Washington Democrats and liberal-leaning mainstream media journalists have been wearing out their tongues for a week predicting House Republicans will force a government shutdown just as they did in 1995, with the same disastrous results for the GOP. They are framing the issue this way because they want a government shutdown, thinking it will blunt the drive by House Republicans to cut federal spending, which voters demanded last November.
Unfortunately, many Republicans have bought into the fallacy that the only way to achieve their goal is through a political stalemate that forces a suspension of government services.
In fact, this is not an “either/or” proposition, as congressional Republicans can show this week by taking two steps. First, House GOP leaders should introduce an alternative continuing resolution that ensures no slowdown in essential services, including the delivery of Social Security checks and Medicare payments for medical treatment, keeping the military at full strength and funding agencies charged with maintaining public safety. House Speaker John Boehner should make clear that this alternative continuing resolution will be approved if Senate Democrats and/or President Barack Obama refuse to accept the $61 billion in spending cuts approved last week by the lower chamber.
Just as Cato the Elder ended his every Roman Senate speech by demanding that “Carthage must die,” Boehner should constantly press for Democrats to stop obstructing the defunding of much-needed spending cuts.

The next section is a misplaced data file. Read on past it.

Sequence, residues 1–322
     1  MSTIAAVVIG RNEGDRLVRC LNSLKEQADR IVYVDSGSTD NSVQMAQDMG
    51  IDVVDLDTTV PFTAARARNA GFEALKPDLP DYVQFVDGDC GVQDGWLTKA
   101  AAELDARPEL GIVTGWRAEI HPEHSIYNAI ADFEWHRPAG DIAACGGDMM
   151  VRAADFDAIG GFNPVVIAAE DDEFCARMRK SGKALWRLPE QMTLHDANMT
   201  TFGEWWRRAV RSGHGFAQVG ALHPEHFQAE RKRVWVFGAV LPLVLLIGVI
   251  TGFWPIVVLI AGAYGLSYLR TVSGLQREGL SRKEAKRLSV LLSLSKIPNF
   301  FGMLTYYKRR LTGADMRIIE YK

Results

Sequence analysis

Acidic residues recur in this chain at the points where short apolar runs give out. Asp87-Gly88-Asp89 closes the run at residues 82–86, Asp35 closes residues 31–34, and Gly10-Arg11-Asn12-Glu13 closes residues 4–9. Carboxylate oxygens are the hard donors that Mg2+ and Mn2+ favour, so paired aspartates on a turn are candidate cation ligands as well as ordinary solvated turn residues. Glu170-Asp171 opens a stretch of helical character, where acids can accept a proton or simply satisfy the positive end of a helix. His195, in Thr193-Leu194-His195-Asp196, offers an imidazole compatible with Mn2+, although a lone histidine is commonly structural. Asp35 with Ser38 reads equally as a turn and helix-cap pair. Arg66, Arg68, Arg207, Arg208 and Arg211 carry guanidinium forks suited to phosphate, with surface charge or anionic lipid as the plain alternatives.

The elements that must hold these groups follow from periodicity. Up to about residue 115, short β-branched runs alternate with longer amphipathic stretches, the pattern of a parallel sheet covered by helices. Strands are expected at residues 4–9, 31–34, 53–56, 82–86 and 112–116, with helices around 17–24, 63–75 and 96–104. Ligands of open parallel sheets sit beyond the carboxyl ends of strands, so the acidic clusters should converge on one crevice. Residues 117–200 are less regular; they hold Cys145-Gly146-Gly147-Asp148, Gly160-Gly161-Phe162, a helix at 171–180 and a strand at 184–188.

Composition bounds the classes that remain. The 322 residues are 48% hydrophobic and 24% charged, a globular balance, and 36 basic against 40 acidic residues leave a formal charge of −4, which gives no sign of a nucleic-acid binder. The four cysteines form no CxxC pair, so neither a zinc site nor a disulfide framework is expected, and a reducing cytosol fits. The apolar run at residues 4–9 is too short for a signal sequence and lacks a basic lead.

As Examiner columnist and former U.S. Office of Personnel Management general counsel Hugh Hewitt wrote recently, “Forewarned is forearmed, and if the public is briefed again and again on the GOP’s intention to keep the crucial parts of the government running, while allowing the shutdown of the EPA, the departments of education, labor and interior and various parts of health and human services (not Medicare, not the Centers for Disease Control and Prevention, not the Food and Drug Administration) the public will not only support the move, they will cheer it.”
Second, Senate Minority Leader Mitch McConnell should himself return to Washington and challenge his colleagues, Democrats and Republicans alike, to cut short this week’s recess for “state work.” Business-as-usual Senate recesses won’t put America’s fiscal house back in order. The deadline for passage of a temporary funding resolution is March 4, so if senators remain at home through Friday, they will have little time to act on the continuing resolution when they return next week.
In this regard, Democrats and Republicans should take a cue from Wisconsin Gov. Scott Walker: “I think in November, voters certainly here in Wisconsin — but [also] across the country — voters elected people to turn things around, to balance the budget, to stop the games. We’re broke and it’s about time somebody stood up and told the truth.”